Now that I have built the perfect engine for 15 years ago... I'd say a 540 'duster is a great plane and a ton of fun. I mean, the power is superb. But a 220 hp 4-cylinder would likely be a better all-around combination for most people.

I'll be trying some photo postings when I can (I'm in a busy time right now).

As for another Starduster Reunion, you bet! I'm really missing seeing the gang and Flabob is the place.
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Tom Wilson



Joined: 04 Dec 2005
Posts: 150
Location: Fallbrook, California

PostPosted: Sun Jan 22, 2012 9:00 pm    Post subject: Reply with quote

Bill,
Great to hear from you! Ramona would be fine. Let's keep an eye on the weather and first available weekend we can give it a try.

As for keeping up, as I once heard an old motorcycle racer council a youngster, "Now remember son, the throttle works both ways."
tw
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Starduster History



Joined: 30 Nov 2006
Posts: 736
Location: St. Helens, Oregon

PostPosted: Sun Jan 22, 2012 11:50 pm    Post subject: Flying Together with a 180 & 540 Reply with quote

Tom you will get a kick out of this. The engine on my son Dan's Starduster is A 290 HP 540 with a C/S prop out of an Aero Star. They have a book number (Power Setting) for the Aero Star being in the hold for an IFR approach, that is 18 inches of MP and 2200 RPM! This equates to flight idle, and this is what he use's to fly with me! I usually pump it up to 2500 or 2550 RPM with a fix pitch prop to stay with him. This lets us cruise at around 105 kts or around 120 mph, we to usually go up high, and his fuel burn is around the same as yours 12 to 14 GPH! Dave
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Dave Baxter
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Tom Wilson



Joined: 04 Dec 2005
Posts: 150
Location: Fallbrook, California

PostPosted: Mon Jan 23, 2012 3:00 pm    Post subject: Reply with quote

Yep, those numbers sound familiar. It takes nothing to maintain 120 mph with the 540, 18-inches and whatever low rpm. But as you bump up the power the speed doesn't quite gain as fast and the fuel burn goes out of sight.

What is Dan's top speed, or speed at 24 square? My ratty old airframe is as poor and draggy as they come, and who knows about airspeed accuracy, but squinting at all the instruments, including the gps, mine seems to darn near hit 170 mph in level flight. This is with the front cockpit covered and the windshield removed; for sure it's 12 mph slower with the front windshield on (not to mention the horrid buffeting).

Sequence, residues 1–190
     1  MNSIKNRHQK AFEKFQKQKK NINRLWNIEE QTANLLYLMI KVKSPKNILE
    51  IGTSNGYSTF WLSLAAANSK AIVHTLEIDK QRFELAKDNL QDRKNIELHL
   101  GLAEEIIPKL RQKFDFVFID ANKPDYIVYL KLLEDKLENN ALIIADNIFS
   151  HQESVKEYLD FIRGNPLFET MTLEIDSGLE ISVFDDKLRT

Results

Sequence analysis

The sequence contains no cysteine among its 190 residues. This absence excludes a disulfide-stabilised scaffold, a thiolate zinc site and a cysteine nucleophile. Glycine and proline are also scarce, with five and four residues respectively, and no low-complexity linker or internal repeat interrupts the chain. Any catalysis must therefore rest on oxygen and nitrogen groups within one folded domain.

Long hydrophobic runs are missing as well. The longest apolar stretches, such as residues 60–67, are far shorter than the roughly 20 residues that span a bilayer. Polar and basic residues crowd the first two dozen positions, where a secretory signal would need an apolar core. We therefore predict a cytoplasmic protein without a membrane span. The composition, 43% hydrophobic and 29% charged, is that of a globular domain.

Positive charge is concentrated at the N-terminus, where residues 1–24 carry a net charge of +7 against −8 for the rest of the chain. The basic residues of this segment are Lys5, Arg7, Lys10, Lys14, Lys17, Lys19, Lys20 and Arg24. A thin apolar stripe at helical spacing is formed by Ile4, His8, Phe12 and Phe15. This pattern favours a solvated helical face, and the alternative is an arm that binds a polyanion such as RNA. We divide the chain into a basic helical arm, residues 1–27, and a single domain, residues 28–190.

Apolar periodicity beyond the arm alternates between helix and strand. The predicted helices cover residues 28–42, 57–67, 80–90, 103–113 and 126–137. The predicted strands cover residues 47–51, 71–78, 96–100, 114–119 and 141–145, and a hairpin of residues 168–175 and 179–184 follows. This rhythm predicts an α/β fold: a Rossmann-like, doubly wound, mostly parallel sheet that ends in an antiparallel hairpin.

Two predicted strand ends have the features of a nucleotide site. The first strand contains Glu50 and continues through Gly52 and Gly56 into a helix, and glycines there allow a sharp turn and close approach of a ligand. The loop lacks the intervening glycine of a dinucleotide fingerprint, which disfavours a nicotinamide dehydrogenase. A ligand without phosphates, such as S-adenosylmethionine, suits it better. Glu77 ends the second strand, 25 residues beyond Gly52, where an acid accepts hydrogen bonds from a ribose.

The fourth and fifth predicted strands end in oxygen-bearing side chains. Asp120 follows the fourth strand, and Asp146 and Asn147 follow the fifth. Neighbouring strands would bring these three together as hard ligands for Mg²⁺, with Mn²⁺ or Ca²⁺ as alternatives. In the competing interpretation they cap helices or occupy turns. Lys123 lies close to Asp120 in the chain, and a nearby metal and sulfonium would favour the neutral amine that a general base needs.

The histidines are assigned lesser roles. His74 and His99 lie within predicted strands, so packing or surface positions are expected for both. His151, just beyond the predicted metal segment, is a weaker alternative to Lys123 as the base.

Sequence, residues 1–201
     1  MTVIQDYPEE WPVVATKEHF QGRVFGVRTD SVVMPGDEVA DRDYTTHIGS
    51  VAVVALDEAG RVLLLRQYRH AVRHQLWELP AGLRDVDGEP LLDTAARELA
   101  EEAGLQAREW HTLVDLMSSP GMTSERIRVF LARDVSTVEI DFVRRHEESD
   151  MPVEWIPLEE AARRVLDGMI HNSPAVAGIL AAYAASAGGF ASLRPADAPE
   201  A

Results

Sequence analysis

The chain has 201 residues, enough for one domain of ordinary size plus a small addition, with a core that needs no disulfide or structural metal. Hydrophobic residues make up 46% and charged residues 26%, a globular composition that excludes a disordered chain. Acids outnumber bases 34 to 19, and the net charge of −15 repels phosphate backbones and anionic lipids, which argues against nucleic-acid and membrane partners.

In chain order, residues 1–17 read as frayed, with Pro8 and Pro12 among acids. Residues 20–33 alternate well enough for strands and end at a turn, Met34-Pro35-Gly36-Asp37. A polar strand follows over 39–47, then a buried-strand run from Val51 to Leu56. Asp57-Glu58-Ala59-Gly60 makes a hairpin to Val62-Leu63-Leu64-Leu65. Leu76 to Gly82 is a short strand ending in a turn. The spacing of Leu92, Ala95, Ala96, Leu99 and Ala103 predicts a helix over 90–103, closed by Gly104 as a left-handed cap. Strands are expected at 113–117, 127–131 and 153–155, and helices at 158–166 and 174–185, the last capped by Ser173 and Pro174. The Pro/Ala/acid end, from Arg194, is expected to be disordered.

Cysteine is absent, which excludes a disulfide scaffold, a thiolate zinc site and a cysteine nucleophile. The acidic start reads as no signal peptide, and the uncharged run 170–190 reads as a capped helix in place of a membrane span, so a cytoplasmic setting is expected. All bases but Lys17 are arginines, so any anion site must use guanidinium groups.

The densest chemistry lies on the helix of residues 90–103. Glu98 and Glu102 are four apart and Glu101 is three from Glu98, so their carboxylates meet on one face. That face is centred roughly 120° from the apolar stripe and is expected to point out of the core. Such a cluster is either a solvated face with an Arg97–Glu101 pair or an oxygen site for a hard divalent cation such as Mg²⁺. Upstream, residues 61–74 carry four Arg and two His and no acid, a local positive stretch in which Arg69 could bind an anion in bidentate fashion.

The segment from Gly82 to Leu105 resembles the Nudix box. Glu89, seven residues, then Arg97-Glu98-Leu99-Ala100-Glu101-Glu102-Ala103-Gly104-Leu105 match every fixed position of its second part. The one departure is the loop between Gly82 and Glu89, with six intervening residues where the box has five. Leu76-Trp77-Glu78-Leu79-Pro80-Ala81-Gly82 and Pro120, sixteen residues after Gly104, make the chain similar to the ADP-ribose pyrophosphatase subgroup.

And what's your fuel burn at 2500 rpm when you Dan go flying together? I'm always curious to compare a big engine running "easy" with a smaller engine running harder when it comes to efficiency.
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rmarshall234



Joined: 17 Jan 2011
Posts: 23
Location: San Diego, CA

PostPosted: Wed Jan 25, 2012 8:37 pm    Post subject: Reply with quote

Hi guys,

I've been "off line" for a couple weeks dealing with family stuff but glad to see the chatter on this site. Yes, I am based out of Ramona (thanks for the intro Dave) and would love to connect with a couple of Duster pilots. I'm setting up my parachute rigging loft at the hangar right now, so am there most weekends as well as working as an A&P during the week at Aeromechanix. The Acroduster project is still at the house though.

Would be happy to jump in the Cardinal and meet you guys for breakfast somewhere, or meet at RNM and talk airplanes and hang out. (Sorry, we don't have a cafe there yet.) Either way, let's connect!

Robert Marshall
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Tom Wilson



Joined: 04 Dec 2005
Posts: 150
Location: Fallbrook, California

PostPosted: Wed Jan 25, 2012 11:11 pm    Post subject: Reply with quote

Robert,
Thanks for jumping in, and yes, it would be great to get together.

I'll send you and Bill Lund a PM so we don't clutter up the forum with personal chatter.
tw
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rmarshall234



Joined: 17 Jan 2011
Posts: 23
Location: San Diego, CA

PostPosted: Mon Jan 30, 2012 8:58 am    Post subject: Reply with quote

Tom was nice enough to fly his Starduster out to Ramona this weekend and Holy Smoke! What a rocket ship. I haven't seen that kind of climb performance from a biplane, since watching Jimmy Franklin in that jet powered Waco.

He's done an incredible job with the engine installation and is a hell-of-a nice guy. If any of you get the chance, check out Tom and his "rat rod".
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Tom Wilson



Joined: 04 Dec 2005
Posts: 150
Location: Fallbrook, California

PostPosted: Mon Jan 30, 2012 10:26 am    Post subject: Reply with quote

Robert,
Thanks for the kind words--and a fun visit.

That said, the credit for the Too's performance goes 100% to Ly-Con Engine Rebuilders in Visalia. They build fabulous engines (ask Sean Tucker or 1/2 of the Red Bull akro guys).

Installation credit goes to Aberle Custom Aircraft in Fallbrook, CA. Tom Aberle (the biplane Reno multi-champ) and Andy Paterson there did the majority of the work. My contribution was to write checks, get stuff powder coated, work on the exhaust system, some baffle work, battery bracket and other secondary items).
tw